... no bass, no drums, no keyboard. Just one acoustic instrument (cello) and one voice. Why am I posting this? Maybe there are a few lessons to be learned.
Virtuoso doesn't necessarily mean how complicated can you make it, how many notes can you squeeze in, or how much drama can you create with dynamics. Sometimes it's about nuance. You can play the ink retaining all the written notes, while adding subtle expression in the way you present them. Or omit notes. Or remain static on a single note, when a change of notes is expected.
Modulation make a bold statement when done overtly. But it's equally impressive if masked and obscured. You're not quite certain what happened, only that something did happen.
There's nothing inherently wrong with performing music that's frenetic and complex. Some say that's the benchmark of one's abilities. But I say it's just the beginning. A true master knows what is appropriate for the situation. At times, simple is better. At times finding the voice of the instrument and allowing it to soar and sing makes a bolder statement than a machine gun or a sledgehammer.
But, the electric guitar is capable of some fantastic nuances and dynamics...the details are often far more impressive than the 'flash' and notes per min shred stuff...at a speed which that too can have it's place, it is near impossible to play with that kind of control...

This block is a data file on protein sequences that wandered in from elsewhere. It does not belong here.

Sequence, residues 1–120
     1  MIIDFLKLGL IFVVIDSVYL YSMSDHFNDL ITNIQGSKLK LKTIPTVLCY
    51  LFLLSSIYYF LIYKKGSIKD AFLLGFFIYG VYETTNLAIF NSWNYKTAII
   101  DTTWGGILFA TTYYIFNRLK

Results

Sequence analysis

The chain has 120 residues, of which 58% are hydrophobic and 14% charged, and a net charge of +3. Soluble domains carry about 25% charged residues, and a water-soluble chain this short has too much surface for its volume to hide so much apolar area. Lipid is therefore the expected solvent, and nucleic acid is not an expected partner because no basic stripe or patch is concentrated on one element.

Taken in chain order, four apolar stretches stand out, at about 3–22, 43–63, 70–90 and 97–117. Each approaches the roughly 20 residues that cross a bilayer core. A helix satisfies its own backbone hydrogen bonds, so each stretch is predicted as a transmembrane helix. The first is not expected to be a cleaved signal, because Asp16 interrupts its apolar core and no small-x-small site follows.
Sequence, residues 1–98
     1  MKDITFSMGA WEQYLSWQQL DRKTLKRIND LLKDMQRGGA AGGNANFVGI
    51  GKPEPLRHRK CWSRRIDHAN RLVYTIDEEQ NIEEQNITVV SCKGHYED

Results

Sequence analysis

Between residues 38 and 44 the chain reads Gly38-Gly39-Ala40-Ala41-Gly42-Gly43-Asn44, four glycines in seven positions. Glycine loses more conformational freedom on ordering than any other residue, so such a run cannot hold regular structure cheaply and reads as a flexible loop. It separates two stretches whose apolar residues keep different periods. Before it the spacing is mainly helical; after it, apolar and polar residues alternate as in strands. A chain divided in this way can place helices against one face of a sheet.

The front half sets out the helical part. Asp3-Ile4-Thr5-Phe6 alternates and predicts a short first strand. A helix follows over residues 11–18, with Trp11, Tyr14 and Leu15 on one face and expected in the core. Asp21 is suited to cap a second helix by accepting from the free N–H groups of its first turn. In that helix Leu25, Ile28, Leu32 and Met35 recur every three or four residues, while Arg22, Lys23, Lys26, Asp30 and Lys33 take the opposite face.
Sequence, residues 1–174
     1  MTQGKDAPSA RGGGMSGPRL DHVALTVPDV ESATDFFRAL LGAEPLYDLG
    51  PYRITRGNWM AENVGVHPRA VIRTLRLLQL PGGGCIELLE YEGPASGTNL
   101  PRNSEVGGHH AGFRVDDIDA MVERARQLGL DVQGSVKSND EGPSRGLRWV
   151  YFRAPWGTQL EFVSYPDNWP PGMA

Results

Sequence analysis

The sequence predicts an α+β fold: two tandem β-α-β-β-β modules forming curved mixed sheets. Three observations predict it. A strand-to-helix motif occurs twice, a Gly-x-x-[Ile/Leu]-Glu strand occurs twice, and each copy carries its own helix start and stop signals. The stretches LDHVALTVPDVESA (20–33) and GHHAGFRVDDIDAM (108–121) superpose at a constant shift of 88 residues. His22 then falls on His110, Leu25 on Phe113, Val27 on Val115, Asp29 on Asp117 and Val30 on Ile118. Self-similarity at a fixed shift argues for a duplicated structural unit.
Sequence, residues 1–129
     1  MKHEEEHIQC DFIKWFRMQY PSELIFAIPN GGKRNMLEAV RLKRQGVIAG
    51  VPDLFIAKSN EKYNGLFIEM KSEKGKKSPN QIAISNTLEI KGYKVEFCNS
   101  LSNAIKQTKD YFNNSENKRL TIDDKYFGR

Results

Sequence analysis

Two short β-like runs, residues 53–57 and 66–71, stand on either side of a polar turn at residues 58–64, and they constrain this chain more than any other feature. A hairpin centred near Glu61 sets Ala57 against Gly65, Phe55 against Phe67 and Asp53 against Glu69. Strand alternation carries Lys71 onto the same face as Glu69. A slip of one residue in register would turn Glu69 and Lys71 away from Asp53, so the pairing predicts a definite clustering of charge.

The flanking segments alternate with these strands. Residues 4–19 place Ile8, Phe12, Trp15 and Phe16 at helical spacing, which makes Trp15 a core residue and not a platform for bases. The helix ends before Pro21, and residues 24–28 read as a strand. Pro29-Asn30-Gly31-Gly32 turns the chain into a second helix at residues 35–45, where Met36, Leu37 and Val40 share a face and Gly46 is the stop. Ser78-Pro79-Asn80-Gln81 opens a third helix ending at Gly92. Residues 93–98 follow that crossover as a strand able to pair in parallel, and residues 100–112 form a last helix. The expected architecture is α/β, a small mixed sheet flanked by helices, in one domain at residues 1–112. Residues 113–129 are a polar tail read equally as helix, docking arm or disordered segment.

Perhaps we get used to hearing things as a 'full production' these days, hard to tell...the guy above (mike herman) solo arrangements are all generally beautiful though he does not seem to do many these days.
There are people that can do the speed and control though in the acoustic world and that is a big part of trying to marry that to a more electric sound these days...
Adam rafferty has remarkable control over dynamics, sensitivity to the 'groove' and melody and knowing what to play and what to leave out.
A lot of these players do what it takes to find those sounds and tend to not play just in position but do what it takes to get those subtleties.
I suspect most guitar players skipped a lot of those aspects, found notes that worked generally and some riffs then when straight to find ways to speed things up and it comes a time when few are improvising nor playing with the intention of all aspects of music because it is virtually impossible to think that fast, nor for the listener to really take in nor appreciate what the player is really tiring to achieve.
I certainly would agree and it really is a mark of bravery and genius to be able to control everything and really express in simple ways. Certainly YoyoMa is in that category, but there are some great guitar players around that display these qualities.
Mr D.I.Y. Sustainer ;-) [/IMG]New Project...'jazz strat' ... Seagull project and mini PA amplification